As the global population increases dramatically in the next 20-50 years, it will be up to the next generation of agricultural producers to find a way to ensure that people are fed and clothed. Doing so will require new innovations and new approaches as the world’s food and fiber resources are not expected to increase dramatically in the coming years.
“Next Generation Agriculture”
Educating and working with the next generation of producers will be the focus on the 2016 Governor’s Forum on Colorado Agriculture – titled “Next Generation Agriculture” – to be held Feb. 18 at the Denver Renaissance Hotel. The event will include a number of timely talks and breakout sessions. Registration is available online at www.governorsagforum.com/.
Colorado Gov. John Hickenlooper will welcome a notable lineup of speakers during the Forum’s morning session. Others on the agenda include:
- Colorado Commissioner of Agriculture Don Brown;
- Dean of the Colorado State University’s College of Agricultural Sciences Ajay Menon;
- David Brown, International Professor of Development Sociology and Co-Director of the Community & Regional Development Institute at Cornell University
- Jason Resnick, Vice President and General Counsel, Western Growers Association
Drawing on the strengths of the next generation
“Not only has the technology used in agricultural production evolved significantly in the last 20, 10 or even 5 years, the next generation of agricultural producers has come to rely on innovation and entrepreneurship to advance our food and fiber production systems,” Menon. “If we are going to tackle pressing issues in food safety, food sustainability, and food security, then we must both train and learn from the next generation of producers who will position agriculture for feed a global population topping 9 billion people.”
“Colorado’s $40 billion-plus agriculture industry is a top two or three contributor to our state’s economy each year, employs thousands of Colorado residents, has been instrumental in leading us out of the recent recession, and most importantly, helps feed Colorado’s 5 million people,” said Hickenlooper. “Any conversations focused on supporting this industry and maximizing opportunities for the next generation of producers are absolutely worth having.”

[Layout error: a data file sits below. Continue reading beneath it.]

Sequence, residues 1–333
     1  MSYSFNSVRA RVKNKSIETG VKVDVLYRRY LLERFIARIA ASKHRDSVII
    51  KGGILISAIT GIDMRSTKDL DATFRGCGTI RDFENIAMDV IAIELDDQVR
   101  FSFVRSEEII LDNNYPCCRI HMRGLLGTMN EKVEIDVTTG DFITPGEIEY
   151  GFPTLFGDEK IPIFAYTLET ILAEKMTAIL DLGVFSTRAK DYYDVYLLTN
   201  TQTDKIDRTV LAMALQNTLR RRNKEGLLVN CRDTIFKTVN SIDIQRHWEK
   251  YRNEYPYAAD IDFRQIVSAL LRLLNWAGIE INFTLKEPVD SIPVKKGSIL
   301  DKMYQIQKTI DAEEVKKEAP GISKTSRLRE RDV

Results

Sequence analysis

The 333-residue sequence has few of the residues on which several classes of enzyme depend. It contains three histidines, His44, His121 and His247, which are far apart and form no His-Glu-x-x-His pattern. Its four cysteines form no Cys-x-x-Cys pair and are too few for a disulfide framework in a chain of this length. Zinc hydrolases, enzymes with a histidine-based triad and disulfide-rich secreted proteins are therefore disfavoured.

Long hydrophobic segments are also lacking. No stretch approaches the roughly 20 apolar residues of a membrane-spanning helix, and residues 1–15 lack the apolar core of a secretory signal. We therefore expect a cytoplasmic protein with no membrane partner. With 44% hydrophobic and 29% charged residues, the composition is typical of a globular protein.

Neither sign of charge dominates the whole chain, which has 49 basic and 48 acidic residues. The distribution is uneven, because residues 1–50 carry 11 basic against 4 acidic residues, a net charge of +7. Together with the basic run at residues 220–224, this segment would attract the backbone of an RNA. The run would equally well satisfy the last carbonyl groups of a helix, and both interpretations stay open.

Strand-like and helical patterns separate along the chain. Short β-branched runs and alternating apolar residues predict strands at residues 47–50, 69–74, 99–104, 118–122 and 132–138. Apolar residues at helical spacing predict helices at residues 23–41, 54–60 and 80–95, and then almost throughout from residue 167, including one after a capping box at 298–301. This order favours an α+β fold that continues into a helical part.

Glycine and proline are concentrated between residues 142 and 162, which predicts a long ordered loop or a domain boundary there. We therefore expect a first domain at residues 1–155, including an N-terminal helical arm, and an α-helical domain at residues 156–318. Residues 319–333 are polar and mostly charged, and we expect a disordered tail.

A number of breakout sessions will also feature CSU faculty members including: Norm Dalsted, professor of Agricultural and Resource Economics; Pat Byrne, professor of soil and crop sciences, and Dr. Noa Roman-Muniz, associate professor of animal sciences and DVM. Breakout sessions will cover:
- Succession Planning – Strategies and Resources
- Leading In a Multi-Generational Workplace
- Perspectives on Labor Across Agricultural Industry Sectors
- The Changing Landscape of Women in Agriculture
- Technology for Colorado’s Next Generation of Agriculture
- GMO’s – What Are the Benefits, Challenges and Issues?
- Creative Solutions for Land Access and Support for Next Generation Farmers
Agriculture Hall of Fame
The Governor’s Forum on Colorado Agriculture is held in conjunction with the Farm Credit Colorado Agriculture Hall of Fame induction ceremony. The ceremony will take place the evening of Feb. 18, also at the Denver Renaissance Hotel.
For information about the 2016 Agriculture Hall of Fame inductees, and to register for the ceremony, visit coloradoffafoundation.org.